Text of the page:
Nelson Lichtenstein: The Long History of Labor Bashing

Roundup: Historians' Take

[Nelson Lichtenstein is a professor of history and director of the Center for the Study of Work, Labor, and Democracy at the University of California at Santa Barbara. He is the author of The Retail Revolution: How Wal-Mart Created a Brave New World of Business (Metropolitan Books, 2009) and the editor, with Elizabeth Tandy Shermer, of The American Right and U.S. Labor: Politics, Ideology, Imagination, forthcoming from the University of Pennsylvania Press.]

When he was still President Obama's chief of staff, Rahm Emanuel, now mayor-elect of Chicago, famously quipped: "Never allow a crisis to go to waste."

Republican governors in Wisconsin, New Jersey, Ohio, and other states have certainly taken that advice to heart. By emphasizing, and in some cases manipulating, the red ink flowing through so many state budgets, they have leveraged the crisis to strike a body blow at the public-sector unions that represent so many teachers, professors, social workers, and municipal employees. The collective-bargaining rights of the police and firefighters, often a privileged caste, are also being threatened in some states.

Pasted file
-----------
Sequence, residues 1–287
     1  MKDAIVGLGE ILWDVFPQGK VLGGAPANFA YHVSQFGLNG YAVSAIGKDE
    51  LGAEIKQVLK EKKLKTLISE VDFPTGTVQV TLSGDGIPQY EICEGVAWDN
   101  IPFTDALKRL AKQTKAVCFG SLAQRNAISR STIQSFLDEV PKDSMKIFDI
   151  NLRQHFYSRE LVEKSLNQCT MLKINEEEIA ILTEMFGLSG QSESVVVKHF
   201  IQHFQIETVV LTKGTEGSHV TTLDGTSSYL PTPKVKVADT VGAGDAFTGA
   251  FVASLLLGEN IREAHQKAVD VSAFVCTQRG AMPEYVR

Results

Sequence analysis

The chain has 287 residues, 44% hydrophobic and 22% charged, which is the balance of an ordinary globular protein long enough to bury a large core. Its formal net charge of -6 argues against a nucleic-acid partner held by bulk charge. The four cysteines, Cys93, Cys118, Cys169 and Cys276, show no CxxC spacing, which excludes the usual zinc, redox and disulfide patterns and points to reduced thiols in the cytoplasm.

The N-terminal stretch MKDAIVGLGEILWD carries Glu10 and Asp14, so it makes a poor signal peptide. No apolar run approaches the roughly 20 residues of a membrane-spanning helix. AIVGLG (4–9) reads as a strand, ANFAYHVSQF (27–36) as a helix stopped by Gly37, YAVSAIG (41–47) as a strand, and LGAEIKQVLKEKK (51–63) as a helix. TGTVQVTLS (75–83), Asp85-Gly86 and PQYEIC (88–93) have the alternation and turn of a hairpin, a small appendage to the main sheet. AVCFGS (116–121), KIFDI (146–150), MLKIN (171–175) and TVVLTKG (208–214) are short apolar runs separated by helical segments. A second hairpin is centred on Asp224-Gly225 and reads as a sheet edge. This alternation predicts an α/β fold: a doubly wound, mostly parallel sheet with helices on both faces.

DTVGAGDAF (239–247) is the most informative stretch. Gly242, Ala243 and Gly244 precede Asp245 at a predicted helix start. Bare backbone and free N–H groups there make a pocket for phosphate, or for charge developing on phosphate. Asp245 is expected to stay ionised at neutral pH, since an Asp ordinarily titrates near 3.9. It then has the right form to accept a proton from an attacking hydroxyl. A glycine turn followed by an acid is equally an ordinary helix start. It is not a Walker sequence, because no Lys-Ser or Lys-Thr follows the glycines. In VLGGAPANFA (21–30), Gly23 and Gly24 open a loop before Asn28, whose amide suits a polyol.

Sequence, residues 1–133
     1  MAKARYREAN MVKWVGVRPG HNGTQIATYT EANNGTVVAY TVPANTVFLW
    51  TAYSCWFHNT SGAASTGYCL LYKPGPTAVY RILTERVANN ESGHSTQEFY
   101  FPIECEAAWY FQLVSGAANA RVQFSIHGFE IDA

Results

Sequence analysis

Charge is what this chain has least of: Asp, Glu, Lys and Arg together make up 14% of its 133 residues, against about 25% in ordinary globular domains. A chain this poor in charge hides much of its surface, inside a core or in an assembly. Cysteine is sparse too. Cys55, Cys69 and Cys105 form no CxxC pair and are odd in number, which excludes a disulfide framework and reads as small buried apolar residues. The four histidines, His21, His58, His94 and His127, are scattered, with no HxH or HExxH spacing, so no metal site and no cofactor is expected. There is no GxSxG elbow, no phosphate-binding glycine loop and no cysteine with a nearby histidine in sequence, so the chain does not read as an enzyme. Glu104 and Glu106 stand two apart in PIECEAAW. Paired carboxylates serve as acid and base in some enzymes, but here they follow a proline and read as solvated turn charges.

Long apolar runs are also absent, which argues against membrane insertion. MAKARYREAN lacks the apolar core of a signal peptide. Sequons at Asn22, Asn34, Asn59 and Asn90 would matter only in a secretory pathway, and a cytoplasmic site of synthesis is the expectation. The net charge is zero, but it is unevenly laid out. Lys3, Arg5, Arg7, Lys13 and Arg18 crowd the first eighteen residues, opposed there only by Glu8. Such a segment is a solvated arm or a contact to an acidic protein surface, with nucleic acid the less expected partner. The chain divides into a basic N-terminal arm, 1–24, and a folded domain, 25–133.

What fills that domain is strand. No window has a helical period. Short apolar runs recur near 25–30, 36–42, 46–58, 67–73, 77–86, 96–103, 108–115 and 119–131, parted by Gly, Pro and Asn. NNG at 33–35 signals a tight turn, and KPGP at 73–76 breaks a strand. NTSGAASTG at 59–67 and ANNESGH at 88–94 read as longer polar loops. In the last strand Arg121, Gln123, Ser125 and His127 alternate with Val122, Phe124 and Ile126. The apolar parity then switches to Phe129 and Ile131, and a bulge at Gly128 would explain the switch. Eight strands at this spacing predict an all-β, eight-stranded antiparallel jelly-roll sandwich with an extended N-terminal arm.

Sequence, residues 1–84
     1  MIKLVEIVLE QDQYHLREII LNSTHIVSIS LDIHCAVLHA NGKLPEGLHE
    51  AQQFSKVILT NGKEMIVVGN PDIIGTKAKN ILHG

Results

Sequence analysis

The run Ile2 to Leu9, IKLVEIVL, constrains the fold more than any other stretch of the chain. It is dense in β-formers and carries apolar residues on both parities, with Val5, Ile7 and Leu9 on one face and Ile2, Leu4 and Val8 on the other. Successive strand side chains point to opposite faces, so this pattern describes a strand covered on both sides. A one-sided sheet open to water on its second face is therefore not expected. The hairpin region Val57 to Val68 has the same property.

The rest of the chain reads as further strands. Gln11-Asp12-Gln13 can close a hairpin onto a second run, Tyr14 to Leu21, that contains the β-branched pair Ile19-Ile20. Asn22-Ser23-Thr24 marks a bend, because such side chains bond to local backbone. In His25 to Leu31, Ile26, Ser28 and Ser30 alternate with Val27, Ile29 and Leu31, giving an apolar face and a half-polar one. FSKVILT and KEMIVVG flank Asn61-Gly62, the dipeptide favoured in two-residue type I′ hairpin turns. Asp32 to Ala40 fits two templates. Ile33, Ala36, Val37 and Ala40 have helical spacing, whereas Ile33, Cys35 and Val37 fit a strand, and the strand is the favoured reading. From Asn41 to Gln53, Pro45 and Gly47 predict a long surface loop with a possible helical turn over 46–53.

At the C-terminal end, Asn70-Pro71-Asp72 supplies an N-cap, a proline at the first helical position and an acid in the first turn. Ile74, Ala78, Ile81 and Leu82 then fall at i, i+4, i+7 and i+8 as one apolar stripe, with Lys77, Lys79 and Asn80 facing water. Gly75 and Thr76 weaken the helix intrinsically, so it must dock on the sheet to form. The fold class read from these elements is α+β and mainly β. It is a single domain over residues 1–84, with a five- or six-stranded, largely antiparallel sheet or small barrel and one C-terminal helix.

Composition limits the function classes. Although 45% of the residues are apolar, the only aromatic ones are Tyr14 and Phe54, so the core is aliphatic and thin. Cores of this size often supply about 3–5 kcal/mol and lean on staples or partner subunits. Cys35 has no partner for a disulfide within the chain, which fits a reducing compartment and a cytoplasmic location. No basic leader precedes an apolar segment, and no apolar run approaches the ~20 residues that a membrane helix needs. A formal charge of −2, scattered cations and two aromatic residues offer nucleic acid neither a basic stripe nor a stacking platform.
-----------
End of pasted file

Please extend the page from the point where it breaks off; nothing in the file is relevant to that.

Unionists and Democrats denounce this as opportunism, and in Wisconsin they have made the case that there is hardly a fiscal crisis at all, that public-employee wages and pensions are not out of line with those in the private sector, and that collective bargaining works pretty well. Neither the Wisconsin Counties Association nor the League of Wisconsin Municipalities was consulted by Gov. Scott Walker when he drew up the anti-union legislation that he claims is necessary for the solvency of his state's counties, towns, and cities. Nor do officials of either group support the governor's initiative.

But it would be a mistake to see the contemporary GOP offensive against the unions as some kind of hasty and ill-planned gambit. Walker's rhetoric and his legislative program reflect and refract a multidecade barrage by conservatives—in politics, academe, think tanks, and corporate management—designed to eviscerate trade unionism so that it will, in effect, simply wither away. Their assault, both ideological and political, has depended neither upon the presence or absence of a fiscal crisis at the state level nor, for that matter, upon the profitability or competitiveness of those American companies threatened by global competition. The collective organization of workers, private or public, stands athwart their vision of how markets should work and the polity should function....

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